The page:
Scientists announce the Doomsday Clock is within 100 seconds to midnight

January 24, 2020 by  
Filed under Eco, Green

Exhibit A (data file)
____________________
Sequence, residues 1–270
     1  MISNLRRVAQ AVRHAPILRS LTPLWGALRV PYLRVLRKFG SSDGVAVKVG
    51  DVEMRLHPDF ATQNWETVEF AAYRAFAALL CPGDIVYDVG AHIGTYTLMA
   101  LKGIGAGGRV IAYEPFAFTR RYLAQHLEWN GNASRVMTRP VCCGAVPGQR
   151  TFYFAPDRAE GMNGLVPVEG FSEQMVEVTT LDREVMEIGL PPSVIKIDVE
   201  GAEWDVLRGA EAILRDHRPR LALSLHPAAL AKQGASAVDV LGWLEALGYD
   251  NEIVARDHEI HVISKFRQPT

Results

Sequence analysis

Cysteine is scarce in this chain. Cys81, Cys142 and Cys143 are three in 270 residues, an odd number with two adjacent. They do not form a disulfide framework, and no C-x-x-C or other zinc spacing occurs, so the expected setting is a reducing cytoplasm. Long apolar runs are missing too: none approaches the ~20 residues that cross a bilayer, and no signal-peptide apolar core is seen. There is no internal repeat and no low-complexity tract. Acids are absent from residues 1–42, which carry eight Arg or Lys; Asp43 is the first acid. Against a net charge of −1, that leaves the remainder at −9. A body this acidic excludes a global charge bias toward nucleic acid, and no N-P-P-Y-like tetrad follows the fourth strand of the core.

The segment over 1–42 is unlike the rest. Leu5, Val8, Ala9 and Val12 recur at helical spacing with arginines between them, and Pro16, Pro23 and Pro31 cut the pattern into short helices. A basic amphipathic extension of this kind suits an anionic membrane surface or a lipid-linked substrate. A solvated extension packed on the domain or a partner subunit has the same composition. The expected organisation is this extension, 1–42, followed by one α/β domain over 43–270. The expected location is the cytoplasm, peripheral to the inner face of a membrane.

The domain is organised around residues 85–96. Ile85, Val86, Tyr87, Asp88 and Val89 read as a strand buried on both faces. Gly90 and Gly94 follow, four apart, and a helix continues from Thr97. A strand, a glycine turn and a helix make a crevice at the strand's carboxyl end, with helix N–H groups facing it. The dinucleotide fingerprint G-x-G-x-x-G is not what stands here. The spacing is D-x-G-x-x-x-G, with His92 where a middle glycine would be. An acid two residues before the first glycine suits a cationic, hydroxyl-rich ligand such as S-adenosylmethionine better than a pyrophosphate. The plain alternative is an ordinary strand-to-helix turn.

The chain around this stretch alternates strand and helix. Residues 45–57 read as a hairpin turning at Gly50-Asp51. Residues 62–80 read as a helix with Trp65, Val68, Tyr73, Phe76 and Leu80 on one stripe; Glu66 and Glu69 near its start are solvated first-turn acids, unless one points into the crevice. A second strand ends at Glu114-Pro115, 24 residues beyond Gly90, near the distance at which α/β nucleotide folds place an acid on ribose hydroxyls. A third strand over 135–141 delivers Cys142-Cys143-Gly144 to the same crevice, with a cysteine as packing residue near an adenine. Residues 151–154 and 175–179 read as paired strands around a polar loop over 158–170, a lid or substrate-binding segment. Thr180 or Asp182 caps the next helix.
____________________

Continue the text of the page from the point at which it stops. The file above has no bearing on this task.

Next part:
Comments Off on Scientists announce the Doomsday Clock is within 100 seconds to midnight